//extract data from response and fulfill it’s destiny
    }

    public void cancelled() {
      //shot a note to UI dept that the request got cancelled
    }
  }
);

With this code, the client now knows when the service is not available or has timed out following no response. Wee can easily have an error message displayed in place of the string we expected to receive. Try/catch is probably the right solution here.

Invalid responses however pose more of a challenge.

The service fails

If the service fails, we can just return a string with an appropriate error message. But how can you know if a message is an error message or a correct response? Yes, you can start every error message with [ERROR] or invent another “smart” (read: not-so-smart) workaround, but this won’t be a solution you’ll be proud of. And, there’s always the possibility that even valid responses may begin with ERROR because it’s simply part of the message.

I’d go with JSON or XML for wrapping the answer. I prefer JSON because it’s a little less wordy than XML. And I really like using the JSON-HTML tool over at json.bloople.net  for visualizing results during development. Of course, you might go for any of the numerous alternatives, like protobuf or a proprietary solution of your own. The main point is that you need to be able to apply structure to responses:

{
  “status”:”ok”,
  ”message”:”Hello, World!”
}

By checking the status attribute, you can easily decide whether to handle an error or to display an appropriate message.

{
  “status”:”error”,
  ”message”:”Invalid input parameter”
}

The possibilities are endless here. You can add an error code or additional properties. This all boils down to a single important point: apply structure to your responses.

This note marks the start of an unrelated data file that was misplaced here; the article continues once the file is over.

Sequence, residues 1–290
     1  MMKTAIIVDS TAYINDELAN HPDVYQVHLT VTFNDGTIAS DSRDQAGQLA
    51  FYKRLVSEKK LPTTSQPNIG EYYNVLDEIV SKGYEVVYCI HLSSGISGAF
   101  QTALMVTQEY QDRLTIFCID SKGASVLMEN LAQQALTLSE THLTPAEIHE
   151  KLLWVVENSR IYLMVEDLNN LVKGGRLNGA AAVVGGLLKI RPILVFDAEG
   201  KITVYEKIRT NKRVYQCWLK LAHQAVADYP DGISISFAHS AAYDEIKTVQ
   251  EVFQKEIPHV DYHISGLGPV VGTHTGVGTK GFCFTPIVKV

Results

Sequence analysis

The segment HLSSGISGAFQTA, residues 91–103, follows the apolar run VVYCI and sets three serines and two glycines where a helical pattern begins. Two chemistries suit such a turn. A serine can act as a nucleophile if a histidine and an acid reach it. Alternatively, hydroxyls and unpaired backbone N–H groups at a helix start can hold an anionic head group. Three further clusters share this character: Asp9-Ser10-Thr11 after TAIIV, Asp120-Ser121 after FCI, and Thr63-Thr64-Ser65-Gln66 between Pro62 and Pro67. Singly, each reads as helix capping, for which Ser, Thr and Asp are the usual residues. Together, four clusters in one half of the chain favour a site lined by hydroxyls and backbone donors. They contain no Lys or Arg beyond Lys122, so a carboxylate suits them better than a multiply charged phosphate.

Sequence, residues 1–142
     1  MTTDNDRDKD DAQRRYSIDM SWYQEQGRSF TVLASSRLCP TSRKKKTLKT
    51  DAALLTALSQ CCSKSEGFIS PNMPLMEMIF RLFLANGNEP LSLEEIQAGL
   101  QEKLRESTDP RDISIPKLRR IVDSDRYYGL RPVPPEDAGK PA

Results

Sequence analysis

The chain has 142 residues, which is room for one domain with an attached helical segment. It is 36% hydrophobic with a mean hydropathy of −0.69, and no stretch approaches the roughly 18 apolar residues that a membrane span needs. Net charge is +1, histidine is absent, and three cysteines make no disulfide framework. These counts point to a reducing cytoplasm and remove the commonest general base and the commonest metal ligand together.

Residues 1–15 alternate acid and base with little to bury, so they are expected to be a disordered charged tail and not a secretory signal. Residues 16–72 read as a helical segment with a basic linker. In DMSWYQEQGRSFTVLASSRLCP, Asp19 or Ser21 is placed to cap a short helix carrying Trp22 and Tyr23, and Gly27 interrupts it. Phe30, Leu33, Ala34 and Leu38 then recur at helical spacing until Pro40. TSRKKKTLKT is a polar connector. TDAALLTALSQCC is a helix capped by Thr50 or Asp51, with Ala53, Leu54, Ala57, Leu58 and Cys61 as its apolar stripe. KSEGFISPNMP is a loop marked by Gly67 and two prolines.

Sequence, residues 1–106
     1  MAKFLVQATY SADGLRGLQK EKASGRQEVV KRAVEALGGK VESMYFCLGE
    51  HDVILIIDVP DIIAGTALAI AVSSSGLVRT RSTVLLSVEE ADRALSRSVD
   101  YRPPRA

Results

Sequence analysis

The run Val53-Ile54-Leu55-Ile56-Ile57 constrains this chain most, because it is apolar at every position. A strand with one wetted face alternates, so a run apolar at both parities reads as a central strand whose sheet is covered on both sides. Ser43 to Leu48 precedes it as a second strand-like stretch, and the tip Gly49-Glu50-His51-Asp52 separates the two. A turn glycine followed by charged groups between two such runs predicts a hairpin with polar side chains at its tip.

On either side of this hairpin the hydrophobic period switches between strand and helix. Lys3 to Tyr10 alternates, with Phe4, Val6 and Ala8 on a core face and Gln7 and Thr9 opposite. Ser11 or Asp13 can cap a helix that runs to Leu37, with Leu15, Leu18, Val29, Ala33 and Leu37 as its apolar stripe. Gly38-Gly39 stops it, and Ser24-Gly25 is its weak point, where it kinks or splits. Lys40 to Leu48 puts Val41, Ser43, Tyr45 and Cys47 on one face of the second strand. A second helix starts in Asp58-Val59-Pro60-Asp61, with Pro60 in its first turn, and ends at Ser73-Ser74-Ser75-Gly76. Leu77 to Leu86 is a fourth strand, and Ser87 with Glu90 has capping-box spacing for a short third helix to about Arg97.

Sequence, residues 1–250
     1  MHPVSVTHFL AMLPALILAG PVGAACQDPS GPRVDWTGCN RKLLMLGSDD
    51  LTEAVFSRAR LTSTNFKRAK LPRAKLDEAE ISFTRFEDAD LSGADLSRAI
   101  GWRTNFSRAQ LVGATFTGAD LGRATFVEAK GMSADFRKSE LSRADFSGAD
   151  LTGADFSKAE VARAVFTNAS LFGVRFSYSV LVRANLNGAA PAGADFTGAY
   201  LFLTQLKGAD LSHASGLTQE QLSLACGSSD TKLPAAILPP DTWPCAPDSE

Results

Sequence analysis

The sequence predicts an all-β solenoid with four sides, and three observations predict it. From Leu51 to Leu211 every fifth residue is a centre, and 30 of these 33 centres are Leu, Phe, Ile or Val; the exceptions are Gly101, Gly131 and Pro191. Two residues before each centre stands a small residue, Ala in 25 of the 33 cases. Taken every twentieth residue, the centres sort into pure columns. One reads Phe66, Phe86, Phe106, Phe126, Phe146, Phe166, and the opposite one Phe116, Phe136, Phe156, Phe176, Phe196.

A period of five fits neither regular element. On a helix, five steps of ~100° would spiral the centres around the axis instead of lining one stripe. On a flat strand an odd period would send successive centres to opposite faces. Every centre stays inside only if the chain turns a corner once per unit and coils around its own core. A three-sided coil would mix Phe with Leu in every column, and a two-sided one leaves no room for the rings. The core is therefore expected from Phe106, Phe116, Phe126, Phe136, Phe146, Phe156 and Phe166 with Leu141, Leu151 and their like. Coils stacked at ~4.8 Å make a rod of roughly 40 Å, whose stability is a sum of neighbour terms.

Structure, why?

Because structure not only helps you keep your code maintainable, it also serves as the foundation of the API of your service.

An API definition consists of more than a URL like this:

GET HTTP://helloworld.myservices.local/greet

API definitions also consist of the response structures that can be expected as a response (you know this already from a few lines back):

{
  “status”:”ok”,
  ”message”:”Hello, World!”
}

Most important takeaway

Keeping the API specifications of a service’s request and response stable is a key requirement for succeeding with microservices.

Conclusion

Are you (and your project) ready for microservices? If you read this and kept asking yourself, what good is all the overhead of microservices, then either your project won’t benefit from microservices or you’re just not there yet (for mindset perspective see my  previous post about the value of microservices ).

If you can’t stop thinking about microservices, then you probably are ready.

Strategies and techniques for building scalable and resilient microservices to refactor a monolithic application step-by-step, a free O'Reilly book. Brought to you in partnership with Lightbend.